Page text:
NEWS21 May 2018

Small businesses ill-prepared for GDPR

Data analytics GDPR News Privacy UK

UK – With the General Data Protection Regulation (GDPR) due to come into effect from this Friday ( 25 May), research from Ipsos has highlighted a gap in preparedness between small business owners and their C-suite counterparts.

GDPR reminder_crop

Small business owners are ill prepared for the regulation, with almost a quarter ( 22%) entirely unaware of it, according to research from Shred-it’s ‘Security Tracker’ study, conducted by Ipsos.

The online qualitative survey of 1,000 UK small business owners (with fewer than 100 employees) and 100 C-suite executives (businesses of over 250 employees) highlighted a disparity when it comes to readiness for and understanding of GDPR dependent on the size of businesses. While 97% of C-suite executives claimed to have a basic grasp of GDPR, this dropped to 78% for small business owners.

The research also highlighted a geographical disparity: London-based small businesses were more aware of GDPR than those in other regions – only 12% of respondents in the capital stated they were not at all familiar with it, compared to 30% in the Midlands, 23% in the North of England, 20% in Scotland and 17% in Wales.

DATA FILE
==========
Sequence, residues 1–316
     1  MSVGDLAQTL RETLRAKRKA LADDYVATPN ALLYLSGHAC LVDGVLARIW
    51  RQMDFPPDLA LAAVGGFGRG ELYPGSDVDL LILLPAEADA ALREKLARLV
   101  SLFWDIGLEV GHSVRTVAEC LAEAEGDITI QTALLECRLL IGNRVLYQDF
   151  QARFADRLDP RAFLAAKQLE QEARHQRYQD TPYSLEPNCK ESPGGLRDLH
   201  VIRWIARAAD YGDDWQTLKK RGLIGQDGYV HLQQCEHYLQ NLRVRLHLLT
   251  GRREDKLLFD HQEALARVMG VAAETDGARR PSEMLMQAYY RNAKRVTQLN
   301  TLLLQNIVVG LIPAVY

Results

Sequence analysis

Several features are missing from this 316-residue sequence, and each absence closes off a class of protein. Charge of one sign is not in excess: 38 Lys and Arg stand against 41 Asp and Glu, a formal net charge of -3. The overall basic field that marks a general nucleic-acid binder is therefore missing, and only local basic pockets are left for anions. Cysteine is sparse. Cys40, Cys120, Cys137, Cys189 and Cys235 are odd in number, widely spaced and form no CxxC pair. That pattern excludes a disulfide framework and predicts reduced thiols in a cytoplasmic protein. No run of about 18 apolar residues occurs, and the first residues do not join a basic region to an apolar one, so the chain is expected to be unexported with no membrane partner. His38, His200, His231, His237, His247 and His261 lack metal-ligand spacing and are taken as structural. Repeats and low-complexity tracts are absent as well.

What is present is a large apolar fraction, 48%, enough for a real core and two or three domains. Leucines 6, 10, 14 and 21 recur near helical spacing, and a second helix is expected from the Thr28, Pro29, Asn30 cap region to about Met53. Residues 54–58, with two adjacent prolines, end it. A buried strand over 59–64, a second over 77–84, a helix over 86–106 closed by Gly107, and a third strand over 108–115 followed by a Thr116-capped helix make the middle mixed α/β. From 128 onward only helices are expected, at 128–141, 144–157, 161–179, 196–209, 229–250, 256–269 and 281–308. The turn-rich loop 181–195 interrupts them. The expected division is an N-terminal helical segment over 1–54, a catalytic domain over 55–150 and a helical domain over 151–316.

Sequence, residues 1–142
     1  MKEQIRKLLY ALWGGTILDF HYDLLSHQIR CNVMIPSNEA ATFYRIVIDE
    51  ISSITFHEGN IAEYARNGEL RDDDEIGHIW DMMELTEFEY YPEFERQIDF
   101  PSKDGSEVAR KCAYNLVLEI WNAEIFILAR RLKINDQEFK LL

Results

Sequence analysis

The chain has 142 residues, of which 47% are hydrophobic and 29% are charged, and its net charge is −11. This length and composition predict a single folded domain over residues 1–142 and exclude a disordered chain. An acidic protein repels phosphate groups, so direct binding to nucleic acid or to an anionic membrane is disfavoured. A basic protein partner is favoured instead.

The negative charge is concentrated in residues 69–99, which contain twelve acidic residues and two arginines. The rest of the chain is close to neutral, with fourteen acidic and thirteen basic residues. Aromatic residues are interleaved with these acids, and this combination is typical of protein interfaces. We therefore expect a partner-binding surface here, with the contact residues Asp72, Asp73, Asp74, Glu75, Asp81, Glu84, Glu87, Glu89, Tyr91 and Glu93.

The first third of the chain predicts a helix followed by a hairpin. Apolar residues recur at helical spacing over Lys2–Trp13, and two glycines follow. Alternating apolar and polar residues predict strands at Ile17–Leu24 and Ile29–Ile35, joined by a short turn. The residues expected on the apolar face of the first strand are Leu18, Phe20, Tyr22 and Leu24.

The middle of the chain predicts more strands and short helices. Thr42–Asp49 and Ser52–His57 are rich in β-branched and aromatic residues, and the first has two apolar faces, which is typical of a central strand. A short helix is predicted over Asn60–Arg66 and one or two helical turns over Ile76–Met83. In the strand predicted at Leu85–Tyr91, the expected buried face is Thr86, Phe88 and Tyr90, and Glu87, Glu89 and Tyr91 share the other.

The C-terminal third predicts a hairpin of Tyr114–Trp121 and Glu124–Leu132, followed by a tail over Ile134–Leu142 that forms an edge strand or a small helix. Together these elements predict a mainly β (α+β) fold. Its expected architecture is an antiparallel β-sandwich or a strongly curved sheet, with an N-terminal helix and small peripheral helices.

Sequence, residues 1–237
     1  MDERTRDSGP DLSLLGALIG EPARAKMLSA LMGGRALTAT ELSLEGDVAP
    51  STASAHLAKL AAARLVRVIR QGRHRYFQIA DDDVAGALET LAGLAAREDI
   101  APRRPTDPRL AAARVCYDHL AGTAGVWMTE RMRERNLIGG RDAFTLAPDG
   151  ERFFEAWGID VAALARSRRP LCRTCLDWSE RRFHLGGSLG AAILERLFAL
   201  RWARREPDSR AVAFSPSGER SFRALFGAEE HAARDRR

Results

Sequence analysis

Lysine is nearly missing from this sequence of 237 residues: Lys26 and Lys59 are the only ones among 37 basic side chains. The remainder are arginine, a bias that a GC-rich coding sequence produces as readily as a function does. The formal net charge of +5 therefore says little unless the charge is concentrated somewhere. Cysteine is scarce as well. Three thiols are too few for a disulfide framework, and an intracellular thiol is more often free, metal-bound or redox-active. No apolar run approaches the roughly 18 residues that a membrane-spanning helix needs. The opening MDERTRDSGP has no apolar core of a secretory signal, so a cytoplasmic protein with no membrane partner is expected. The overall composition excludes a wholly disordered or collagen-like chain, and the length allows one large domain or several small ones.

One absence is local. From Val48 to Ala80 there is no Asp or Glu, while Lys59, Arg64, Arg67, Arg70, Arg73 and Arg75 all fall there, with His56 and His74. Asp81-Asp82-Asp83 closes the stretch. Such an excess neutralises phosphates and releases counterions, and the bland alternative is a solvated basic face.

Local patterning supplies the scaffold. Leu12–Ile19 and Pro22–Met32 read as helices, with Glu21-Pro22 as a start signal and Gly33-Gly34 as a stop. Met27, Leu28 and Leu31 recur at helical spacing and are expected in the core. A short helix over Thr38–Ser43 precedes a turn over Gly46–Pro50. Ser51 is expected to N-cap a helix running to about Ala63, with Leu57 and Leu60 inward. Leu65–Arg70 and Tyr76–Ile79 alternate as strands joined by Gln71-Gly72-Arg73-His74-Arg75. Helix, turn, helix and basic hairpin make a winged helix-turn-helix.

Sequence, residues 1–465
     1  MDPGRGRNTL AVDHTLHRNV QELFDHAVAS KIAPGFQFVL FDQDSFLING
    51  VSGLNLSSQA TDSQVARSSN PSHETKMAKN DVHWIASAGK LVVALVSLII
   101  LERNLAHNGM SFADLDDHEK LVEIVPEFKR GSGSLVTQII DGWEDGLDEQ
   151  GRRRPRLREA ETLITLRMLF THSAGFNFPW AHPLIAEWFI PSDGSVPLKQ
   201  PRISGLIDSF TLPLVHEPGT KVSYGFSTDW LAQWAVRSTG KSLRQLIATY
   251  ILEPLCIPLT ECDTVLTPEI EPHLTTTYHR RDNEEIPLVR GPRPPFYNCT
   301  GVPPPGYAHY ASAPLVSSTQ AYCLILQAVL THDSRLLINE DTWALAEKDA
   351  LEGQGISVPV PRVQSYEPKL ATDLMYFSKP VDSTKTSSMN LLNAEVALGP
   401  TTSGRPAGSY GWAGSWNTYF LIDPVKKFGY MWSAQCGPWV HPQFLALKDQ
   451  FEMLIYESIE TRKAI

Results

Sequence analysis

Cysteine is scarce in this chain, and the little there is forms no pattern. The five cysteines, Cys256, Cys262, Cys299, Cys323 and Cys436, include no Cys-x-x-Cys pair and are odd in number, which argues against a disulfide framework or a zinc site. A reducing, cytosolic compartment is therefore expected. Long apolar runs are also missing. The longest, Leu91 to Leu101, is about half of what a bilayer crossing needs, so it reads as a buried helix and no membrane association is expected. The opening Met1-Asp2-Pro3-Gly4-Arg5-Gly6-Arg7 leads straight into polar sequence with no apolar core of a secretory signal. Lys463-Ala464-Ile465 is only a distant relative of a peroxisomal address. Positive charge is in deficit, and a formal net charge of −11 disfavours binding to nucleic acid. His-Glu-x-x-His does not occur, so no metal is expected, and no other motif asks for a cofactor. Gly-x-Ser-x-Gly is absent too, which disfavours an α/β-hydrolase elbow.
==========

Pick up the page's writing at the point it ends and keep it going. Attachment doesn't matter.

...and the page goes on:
Smaller firms are also less likely to have a policy to cover how confidential documents are handled ( 45%, compared to 95% of larger businesses). Additionally, a third of small business owners ( 35%) said they did not have a policy or process in place around the disposal of paper documents.  

Neil Percy, vice-president of market development and integration EMEA, Shred-it, said: "In the lead up to 25 May and beyond, it’s crucial that organisations of all sizes begin to take a proactive approach in preparing for GDPR. To see so few firms aware of the regulations right on the eve of enforcement beginning is alarming to say the least.

"Companies need to audit their current data flows and assess where confidential information may be at risk, either in digital or physical form, and take steps to restrict accessibility and delete or, if in physical format, securely destroy it when necessary."

The fieldwork was conducted between 9-23 April 2018.

Research published by Capgemini last week suggested that 85% of companies in Europe and the US are unlikely to be GDPR compliant in time to meet the 25 May deadline.